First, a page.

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Chef Nitin Mathur: Chefs need to be prepared to adapt to the ‘new normal’ life that we are to embark on

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As the HoReCa sector in India gears up to welcome their guests back post the crisis, keeping the Tajness intact in the gastronomic creations at Taj Santacruz, the executive chef at the hotel Chef Nitin Mathur says, “We will continue in our endeavour as we re-design our menu with additional healthy options across our restaurants, and redefine guest dining experiences within the hotel, keeping in mind safety procedures”

What inspired you to pursue culinary arts as career?
The women in our family, especially my grandmother and aunt have taken immense pride in their cooking styles and techniques. We had recipes and preparations that were associated with their names. This did play an important role in piquing my interest in the food origins of our Kayasha family and eventually became a priority. I believe I was destined for a career in the kitchen the moment I started understanding the ingredients used by my grandmother, and the traditional recipes that were prepared as a family ritual. I learnt how important it is to respect each ingredient and its capability of transforming any recipe when paired with other elements. With each dish, my team at Taj Santacruz, Mumbai strives to present it in its most authentic form, true to its roots.

What were the initial challenges and opportunities throughout your journey in the culinary world?
25 years ago, when I began my culinary journey, chefs were not recognised for their work the way they are today. In fact, it was a profession that was frowned upon by many as they were not used to the culture. It did take a bit of convincing my family members as well, to take this path ahead. Today, they are indeed very proud of my journey and the learnings that I have gathered on the way.

At present, we find ourselves in a time when Instagrammers have taken precedence, and restaurants across the globe are working towards putting their best foot forward. Basis my experience across varied cities in India, I have come to realise that guests are certainly willing to experiment more with aesthetically appealing recipes than they are with the unvarying dishes on the menu. Innovation is certainly key, however, so is a thorough understanding of the diverse palate of our guests.

While many have a story to dictate of being associated with the brand, what’s your inspirational tale?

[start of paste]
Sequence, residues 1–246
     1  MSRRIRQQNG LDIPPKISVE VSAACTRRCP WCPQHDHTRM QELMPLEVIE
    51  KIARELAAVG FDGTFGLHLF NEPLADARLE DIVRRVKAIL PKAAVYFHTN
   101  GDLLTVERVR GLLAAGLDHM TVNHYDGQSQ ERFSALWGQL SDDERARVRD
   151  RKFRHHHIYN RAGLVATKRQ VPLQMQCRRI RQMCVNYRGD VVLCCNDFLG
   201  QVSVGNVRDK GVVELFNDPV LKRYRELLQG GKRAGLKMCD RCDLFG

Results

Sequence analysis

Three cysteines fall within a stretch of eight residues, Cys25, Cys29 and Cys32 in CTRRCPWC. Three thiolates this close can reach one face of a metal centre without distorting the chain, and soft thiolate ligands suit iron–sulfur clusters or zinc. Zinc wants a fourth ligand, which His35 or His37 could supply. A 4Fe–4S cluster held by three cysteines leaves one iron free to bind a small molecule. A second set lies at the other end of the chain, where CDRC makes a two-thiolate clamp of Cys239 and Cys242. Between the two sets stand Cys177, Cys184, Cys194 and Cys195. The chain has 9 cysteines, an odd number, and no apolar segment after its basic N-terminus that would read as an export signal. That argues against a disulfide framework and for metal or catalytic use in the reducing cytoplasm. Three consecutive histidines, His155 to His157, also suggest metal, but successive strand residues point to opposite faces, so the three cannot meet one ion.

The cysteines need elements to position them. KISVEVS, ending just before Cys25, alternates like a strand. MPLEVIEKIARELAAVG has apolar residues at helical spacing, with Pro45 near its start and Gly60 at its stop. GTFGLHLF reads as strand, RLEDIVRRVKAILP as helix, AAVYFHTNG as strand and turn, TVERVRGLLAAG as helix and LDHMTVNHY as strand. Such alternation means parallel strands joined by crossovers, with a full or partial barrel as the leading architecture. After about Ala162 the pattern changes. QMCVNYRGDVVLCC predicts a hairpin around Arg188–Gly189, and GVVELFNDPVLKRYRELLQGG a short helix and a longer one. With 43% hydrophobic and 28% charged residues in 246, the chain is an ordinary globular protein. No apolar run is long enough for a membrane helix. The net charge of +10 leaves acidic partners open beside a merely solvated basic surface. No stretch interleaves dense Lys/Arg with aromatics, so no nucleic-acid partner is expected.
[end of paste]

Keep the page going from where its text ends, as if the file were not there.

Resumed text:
I have had the honour to work across Taj hotels in numerous cities across categories. My journey to Golden Dragon at Taj Krishna, Chinoiserie at Taj Bengal Kolkata, House of Ming at The Taj Mahal Hotel, Mansingh Delhi have resulted in a unique Masterstroke menu crafted for China Inc at Taj Santacruz, Mumbai. In pursuit of more experience, I have spent time learning and perfecting regional cuisine styles; its influences which have deeply shaped the way I perceive a recipe and its presentation.

The most sought out boss and even humble as a guest, Sir Ratan Tata continues to be the most valued person I have had the opportunity to cook for. His all-time favorite dish – crab meat soup with dim sums speaks volumes about simplicity and soulful recipes making for the most memorable dining experiences and has been truly inspiring.

What strategies have you devised to make the guest experience the Tajness in F&B, once the businesses are rolling in full strength again?
At Taj, we believe in having an informed, attentive and careful approach, ensuring the safety and wellbeing of our guests and associates. We will continue in our endeavour as we re-design our menu with additional healthy options across our restaurants, and redefine guest dining experiences within the hotel keeping in mind safety procedures.

Moving forward what would you suggest the aspiring chefs keen on joining the industry?
I would reiterate the fact that one must cook as if they are cooking for their loved ones. The care, dedication and concern they show while plating a dish for a family member is incomparable and is also the key to having a gratifying experience while serving guests. Having said that, chefs need to be prepared to adapt themselves to the ‘new normal’ life that we are to embark on. The dining experience is set to change and we need to be ready to adopt new methods, be mindful of the new guidelines and continue to fulfill guests’ wishes.

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